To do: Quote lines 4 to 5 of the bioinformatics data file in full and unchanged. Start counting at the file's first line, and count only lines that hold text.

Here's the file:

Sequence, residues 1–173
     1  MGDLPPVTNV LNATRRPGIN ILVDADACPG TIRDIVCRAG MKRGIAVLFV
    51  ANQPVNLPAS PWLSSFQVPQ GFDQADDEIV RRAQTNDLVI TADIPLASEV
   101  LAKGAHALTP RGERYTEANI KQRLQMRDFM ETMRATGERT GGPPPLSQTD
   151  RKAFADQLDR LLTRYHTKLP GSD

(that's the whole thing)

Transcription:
   101  LAKGAHALTP RGERYTEANI KQRLQMRDFM ETMRATGERT GGPPPLSQTD
   151  RKAFADQLDR LLTRYHTKLP GSD